Our laboratory monitors and surveys Aedes aegypti mosquitoes. 


Mosquito ID


Insecticide Resistance Monitoring


Traps are used to monitor the abundance of mosquitoes in specific locations.

 The Monitoring and Surveillance  team  use traps to attract mosquitoes using water and hay infusions.

In some cases, adult mosquitoes and eggs trapped can be used to test viral presence and insecticide resistance, respectively. 

The data collected will inform and support the mosquito control efforts conducted by the PRVCU and in partnership with collaborating agencies.

Ovitraps are used to collect Aedes aegypti mosquito eggs for monitoring the presence or absence of these mosquitoes in the community

How does it work?

The ovitrap consists of a black cup containing water and a piece of collection paper covering the inside walls of the cup. The female mosquito who is looking to lay her eggs in a container with accumulated water, will lay them on the collection paper. Once a week, our field technicians will take the collection paper to the laboratory and will replace it with a new one.

Once in the laboratory, technicians will inspect the papers to determine the presence or absence of Aedes aegypti eggs. Collection paper containing Aedes aegypti eggs are stored in the laboratory to be used for mosquito rearing. Once adult mosquitoes are obtained they could be used to perform insecticide resistance testing.

Ovitraps do not use insecticide and are not meant to kill or control mosquitoes.

The Autocidal Gravid Ovitrap (AGO) is designed to attract and capture female Aedes aegypti mosquitoes trying to find a place to lay their eggs.

How does it work?

The black container holds 10 liters of a water and hay infusion. The dark color of the trap and the odor from the infusion attracts female Aedes aegypti mosquitoes, looking for somewhere with water to lay their eggs. Mosquitoes enter the capture chamber but a screen prevents them from getting close to the water. Ready to lay their eggs female mosquitoes land on the sticky adhesive surface inside the trap and become stuck. Our field technicians will collect the capture chamber once a week and take it to the laboratory where mosquitoes are then removed from the sticky paper, identified and counted.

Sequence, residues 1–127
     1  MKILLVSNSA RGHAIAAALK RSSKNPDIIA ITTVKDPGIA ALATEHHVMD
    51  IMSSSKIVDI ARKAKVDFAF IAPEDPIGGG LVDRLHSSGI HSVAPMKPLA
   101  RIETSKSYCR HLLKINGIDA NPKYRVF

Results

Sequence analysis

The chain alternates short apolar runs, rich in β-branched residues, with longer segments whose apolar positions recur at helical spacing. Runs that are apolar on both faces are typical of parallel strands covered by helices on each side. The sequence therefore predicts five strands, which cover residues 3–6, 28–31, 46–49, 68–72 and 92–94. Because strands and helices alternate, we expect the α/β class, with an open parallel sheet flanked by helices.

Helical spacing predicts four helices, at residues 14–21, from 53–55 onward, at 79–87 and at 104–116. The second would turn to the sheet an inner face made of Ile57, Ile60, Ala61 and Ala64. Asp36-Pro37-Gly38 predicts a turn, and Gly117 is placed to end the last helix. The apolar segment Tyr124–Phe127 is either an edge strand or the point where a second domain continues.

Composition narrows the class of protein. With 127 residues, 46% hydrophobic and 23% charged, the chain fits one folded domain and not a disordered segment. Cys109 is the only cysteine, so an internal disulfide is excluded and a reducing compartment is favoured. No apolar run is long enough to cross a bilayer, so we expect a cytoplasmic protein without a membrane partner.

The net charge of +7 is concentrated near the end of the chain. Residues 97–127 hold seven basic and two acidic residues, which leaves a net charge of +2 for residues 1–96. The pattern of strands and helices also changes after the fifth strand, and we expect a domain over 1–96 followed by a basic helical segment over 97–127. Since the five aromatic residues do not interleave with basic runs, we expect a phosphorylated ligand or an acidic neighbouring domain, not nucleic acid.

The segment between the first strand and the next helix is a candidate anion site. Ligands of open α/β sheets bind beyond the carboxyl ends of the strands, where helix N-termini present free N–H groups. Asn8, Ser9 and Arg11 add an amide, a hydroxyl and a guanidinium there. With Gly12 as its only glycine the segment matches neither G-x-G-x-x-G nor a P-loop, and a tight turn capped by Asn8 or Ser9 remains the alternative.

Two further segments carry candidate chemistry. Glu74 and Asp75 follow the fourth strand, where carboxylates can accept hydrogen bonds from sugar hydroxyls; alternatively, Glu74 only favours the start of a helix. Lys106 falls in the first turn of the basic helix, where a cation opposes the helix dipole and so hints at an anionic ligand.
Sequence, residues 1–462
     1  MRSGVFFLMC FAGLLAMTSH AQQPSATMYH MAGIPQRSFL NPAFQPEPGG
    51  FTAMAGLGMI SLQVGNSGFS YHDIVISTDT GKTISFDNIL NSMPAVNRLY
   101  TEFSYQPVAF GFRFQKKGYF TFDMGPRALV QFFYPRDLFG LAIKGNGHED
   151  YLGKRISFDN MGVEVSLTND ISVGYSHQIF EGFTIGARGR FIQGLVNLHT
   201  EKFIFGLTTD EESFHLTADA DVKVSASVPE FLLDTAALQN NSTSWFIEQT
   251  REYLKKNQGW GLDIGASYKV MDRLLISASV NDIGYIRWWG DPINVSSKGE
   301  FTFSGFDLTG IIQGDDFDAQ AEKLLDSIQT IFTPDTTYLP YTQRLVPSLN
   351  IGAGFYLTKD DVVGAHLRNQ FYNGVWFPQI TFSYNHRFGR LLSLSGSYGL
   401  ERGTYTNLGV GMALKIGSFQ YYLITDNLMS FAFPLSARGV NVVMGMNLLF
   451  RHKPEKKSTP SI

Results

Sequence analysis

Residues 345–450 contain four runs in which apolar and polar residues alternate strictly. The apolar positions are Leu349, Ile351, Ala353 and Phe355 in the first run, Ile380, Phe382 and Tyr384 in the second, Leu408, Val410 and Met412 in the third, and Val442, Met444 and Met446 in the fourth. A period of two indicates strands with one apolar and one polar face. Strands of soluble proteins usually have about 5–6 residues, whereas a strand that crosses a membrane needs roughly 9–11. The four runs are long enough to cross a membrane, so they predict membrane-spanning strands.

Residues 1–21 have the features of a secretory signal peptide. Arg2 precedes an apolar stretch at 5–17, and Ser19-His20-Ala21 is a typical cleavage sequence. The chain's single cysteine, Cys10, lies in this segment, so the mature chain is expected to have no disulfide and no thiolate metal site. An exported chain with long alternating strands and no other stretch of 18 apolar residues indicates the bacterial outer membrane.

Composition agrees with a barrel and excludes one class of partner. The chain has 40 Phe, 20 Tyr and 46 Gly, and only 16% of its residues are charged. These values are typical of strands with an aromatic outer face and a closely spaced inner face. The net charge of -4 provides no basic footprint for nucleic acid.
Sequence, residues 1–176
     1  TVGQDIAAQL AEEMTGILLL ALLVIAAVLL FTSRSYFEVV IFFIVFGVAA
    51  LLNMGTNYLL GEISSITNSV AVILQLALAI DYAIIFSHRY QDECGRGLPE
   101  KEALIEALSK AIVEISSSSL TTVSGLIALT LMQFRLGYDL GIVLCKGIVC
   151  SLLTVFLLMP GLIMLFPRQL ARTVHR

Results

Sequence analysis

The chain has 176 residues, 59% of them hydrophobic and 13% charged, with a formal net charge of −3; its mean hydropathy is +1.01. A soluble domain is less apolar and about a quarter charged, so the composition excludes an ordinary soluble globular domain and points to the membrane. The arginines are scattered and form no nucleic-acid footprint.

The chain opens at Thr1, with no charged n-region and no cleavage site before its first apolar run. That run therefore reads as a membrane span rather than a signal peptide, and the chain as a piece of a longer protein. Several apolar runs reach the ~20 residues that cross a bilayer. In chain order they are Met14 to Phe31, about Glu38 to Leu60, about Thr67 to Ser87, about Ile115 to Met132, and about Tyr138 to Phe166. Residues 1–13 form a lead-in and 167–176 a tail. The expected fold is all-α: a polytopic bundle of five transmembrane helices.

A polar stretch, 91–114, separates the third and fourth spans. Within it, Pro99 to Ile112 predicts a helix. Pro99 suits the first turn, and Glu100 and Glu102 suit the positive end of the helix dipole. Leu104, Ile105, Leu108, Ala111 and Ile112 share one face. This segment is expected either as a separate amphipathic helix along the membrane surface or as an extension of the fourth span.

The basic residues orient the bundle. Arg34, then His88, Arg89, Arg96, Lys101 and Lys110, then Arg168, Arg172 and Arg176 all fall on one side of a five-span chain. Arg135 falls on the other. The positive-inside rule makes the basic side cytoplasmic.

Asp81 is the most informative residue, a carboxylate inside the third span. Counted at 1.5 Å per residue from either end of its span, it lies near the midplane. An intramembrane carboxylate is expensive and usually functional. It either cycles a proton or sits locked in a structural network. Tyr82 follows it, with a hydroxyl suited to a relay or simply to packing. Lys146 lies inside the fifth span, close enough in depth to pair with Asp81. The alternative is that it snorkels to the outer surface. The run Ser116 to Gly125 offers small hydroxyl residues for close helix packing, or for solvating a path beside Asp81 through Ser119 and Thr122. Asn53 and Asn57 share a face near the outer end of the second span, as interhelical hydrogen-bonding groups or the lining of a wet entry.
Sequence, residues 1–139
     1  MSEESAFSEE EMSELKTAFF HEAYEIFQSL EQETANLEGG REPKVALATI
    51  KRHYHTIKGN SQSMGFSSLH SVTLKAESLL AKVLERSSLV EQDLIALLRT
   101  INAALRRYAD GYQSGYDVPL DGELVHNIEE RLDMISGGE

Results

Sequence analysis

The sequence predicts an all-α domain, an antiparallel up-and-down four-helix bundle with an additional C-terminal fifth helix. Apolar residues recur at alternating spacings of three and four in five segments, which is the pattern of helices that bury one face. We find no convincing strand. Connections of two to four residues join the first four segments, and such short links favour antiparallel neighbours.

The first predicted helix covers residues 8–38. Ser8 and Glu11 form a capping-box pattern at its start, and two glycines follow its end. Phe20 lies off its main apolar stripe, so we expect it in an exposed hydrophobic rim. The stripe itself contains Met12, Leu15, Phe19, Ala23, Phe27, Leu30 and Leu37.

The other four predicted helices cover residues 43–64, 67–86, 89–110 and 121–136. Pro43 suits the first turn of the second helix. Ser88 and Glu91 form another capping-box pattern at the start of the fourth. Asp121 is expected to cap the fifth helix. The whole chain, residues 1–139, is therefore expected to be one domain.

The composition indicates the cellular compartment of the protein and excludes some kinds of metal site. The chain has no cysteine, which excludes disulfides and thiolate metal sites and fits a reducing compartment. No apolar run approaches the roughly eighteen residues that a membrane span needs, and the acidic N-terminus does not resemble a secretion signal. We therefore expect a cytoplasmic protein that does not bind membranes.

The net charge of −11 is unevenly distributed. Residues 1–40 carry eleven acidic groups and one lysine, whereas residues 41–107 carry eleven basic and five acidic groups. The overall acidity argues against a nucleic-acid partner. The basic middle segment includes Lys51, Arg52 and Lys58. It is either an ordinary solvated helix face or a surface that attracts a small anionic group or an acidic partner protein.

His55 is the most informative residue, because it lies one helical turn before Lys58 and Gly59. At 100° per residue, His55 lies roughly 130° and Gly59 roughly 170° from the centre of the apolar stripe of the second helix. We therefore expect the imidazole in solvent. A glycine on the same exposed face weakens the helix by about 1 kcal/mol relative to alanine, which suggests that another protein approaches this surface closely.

These traps do not contain insecticide and the PRVCU is currently not using them to control mosquito populations.


Our laboratory monitors and surveys Aedes aegypti mosquitoes. 

Mosquito ID

Scientists have recorded around 40 different species of mosquitoes in Puerto Rico. Culex  and  Aedes species are the most common mosquitoes found on the Island. 

Our laboratory technicians are trained to identify mosquitoes based on their physical characteristics. Technicians identify and count the number of mosquitoes present in the surveillance traps. This information is recorded using an in-house ArcGIS system that integrates the information collected from the field.


Our insectary has been designed to provide the appropriate conditions for the growth and survival of Aedes aegypti mosquitoes in a laboratory setting. Laboratory technicians use the eggs collected by ovitraps in the field for mosquito rearing. During this process the collection paper containing the eggs is submerged in water to hatch the mosquito. After 7-10 days adult mosquitoes will emerge and can be used for insecticide resistance testing.

The larvae, pupae, and adult mosquitoes generated in the laboratory are also used for the educational activities conducted by the PRVCU.

Mosquitoes can develop resistance to commonly used insecticides

Insecticide Resistance Monitoring

The PRVCU is testing insecticides currently available for use in Puerto Rico to determine their effectiveness against Aedes aegypti  mosquitoes. The information generated will be available to interested stakeholders to aid in their decision-making process about insecticide use.  




Learn about Aedes aegypti and how to protect yourself.


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